• There's also a new market for TV ads that is helping to keep the business afloat. Comcast said on its latest earnings call that it brought in over $1 billion in television ad revenue from new digital companies, like direct-to-consumer upstarts like Away, and big digital behemoths like Facebook.

By the numbers: Almost every major TV network posted positive advertising growth last quarter. Viacom reported its first quarterly ad sales gain in 5 years.

  • According to new data from ad-buying firm MAGNA, Cable TV networks saw linear advertising sales stabilize in the second quarter. "Strong demand generated double-digit CPM inflation that offset double-digit ratings decline," tweeted Vincent Letang, EVP, Director of Global Forecasting for MAGNA.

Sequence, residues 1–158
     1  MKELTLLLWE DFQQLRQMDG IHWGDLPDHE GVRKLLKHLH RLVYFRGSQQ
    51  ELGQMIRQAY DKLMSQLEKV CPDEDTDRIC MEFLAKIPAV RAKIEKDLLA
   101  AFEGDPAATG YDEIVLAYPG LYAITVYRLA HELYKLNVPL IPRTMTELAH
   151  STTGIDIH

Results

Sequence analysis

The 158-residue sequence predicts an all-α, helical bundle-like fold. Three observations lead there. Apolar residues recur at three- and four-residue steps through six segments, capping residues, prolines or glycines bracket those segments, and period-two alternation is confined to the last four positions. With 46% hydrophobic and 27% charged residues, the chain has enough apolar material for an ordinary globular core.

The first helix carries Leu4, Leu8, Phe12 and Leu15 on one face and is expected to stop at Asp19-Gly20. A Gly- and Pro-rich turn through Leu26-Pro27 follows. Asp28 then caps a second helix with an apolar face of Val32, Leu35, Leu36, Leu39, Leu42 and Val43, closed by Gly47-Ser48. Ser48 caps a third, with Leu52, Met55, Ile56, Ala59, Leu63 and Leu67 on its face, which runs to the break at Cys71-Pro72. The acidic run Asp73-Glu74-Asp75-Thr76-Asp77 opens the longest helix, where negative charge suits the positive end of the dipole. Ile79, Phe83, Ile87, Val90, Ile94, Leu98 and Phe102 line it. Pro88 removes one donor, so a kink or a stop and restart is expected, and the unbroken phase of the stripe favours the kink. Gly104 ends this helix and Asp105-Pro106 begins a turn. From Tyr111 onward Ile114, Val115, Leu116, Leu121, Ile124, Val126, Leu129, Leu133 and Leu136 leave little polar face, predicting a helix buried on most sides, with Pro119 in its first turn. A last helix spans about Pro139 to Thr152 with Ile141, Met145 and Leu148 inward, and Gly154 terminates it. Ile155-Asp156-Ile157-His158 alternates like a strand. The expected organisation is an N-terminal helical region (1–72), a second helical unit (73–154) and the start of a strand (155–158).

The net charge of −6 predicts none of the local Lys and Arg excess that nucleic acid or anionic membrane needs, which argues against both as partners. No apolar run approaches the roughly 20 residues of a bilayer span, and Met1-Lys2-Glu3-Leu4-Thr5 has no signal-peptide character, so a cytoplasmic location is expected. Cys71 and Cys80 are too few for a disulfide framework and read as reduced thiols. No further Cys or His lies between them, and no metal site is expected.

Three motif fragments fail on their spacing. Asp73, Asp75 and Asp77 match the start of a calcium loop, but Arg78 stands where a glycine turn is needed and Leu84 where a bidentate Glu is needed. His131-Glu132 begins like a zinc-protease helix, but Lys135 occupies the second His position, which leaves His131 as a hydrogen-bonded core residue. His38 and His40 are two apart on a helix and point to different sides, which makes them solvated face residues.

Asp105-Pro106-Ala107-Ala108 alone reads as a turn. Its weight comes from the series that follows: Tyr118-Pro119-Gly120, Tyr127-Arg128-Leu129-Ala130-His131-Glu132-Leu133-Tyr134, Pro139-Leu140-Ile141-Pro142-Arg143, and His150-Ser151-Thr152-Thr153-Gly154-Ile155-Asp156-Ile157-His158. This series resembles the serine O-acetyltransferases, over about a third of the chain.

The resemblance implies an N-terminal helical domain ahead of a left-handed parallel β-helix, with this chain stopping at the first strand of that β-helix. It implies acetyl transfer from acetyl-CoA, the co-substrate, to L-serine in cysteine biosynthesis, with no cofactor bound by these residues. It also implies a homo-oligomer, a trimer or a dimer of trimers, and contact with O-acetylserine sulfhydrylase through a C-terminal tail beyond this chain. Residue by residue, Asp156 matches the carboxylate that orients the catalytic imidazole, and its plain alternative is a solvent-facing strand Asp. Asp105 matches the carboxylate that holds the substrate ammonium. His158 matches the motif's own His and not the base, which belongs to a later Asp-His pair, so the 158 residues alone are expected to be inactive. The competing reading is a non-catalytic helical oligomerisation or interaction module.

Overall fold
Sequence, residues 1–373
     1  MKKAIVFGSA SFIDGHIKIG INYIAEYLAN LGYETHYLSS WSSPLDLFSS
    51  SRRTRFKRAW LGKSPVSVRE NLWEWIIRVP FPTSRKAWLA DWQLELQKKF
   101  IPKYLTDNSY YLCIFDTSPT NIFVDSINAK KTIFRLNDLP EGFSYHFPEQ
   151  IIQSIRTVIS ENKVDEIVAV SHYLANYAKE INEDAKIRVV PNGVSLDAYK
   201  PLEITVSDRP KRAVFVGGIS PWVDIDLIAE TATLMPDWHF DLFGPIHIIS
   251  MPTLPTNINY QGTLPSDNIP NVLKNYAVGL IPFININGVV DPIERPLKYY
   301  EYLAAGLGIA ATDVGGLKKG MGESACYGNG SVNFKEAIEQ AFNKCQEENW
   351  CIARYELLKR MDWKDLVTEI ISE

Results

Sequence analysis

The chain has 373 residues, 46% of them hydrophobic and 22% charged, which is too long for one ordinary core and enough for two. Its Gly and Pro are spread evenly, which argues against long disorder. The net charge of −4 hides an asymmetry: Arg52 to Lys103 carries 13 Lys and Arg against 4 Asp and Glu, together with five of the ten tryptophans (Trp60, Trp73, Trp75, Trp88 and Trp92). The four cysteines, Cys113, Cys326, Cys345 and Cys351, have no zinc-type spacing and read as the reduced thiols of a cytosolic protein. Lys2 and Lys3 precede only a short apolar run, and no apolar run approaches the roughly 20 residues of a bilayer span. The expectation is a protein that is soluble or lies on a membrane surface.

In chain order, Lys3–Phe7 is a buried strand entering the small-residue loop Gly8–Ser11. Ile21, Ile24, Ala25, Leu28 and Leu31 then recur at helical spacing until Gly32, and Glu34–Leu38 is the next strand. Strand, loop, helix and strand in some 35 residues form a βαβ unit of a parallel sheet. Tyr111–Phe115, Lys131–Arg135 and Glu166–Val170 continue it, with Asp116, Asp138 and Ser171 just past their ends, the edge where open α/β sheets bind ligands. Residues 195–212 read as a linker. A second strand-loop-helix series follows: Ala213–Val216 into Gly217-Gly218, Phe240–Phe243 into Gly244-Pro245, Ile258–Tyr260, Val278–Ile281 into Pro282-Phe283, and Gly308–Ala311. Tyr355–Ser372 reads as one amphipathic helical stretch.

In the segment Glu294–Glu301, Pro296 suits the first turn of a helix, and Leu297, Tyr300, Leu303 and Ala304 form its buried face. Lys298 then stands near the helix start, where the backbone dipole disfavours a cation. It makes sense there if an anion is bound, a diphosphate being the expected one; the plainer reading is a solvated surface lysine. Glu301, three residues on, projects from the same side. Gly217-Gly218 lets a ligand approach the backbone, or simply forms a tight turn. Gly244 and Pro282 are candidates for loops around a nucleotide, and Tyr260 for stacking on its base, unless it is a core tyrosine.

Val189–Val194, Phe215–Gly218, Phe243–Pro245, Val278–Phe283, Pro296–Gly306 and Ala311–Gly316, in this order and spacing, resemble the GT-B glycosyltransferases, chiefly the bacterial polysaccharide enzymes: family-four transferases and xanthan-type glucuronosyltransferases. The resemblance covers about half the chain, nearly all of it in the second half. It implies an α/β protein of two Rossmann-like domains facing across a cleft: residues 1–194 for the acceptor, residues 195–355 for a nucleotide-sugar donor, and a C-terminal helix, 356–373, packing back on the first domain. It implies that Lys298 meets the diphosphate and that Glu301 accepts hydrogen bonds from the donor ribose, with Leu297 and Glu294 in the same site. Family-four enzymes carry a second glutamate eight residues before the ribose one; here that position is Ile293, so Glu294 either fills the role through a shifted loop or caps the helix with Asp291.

• Broadcast networks advertising revenues also grew by almost 2% in the first half of the year after declining for the past six quarters due to rate inflation.

Yes, but: The conventional wisdom here is that this isn't sustainable. Experts see the traditional TV advertising ecosystem eventually facing the same fate as the traditional print advertising industry. That industry eventually collapsed when viewership (or in this case, reach) sank so low that hyper-inflated rates were no longer efficient enough for ad buyers to justify the rising costs.

Go deeper: Variety's Brian Steinberg has an excellent deep dive on this topic.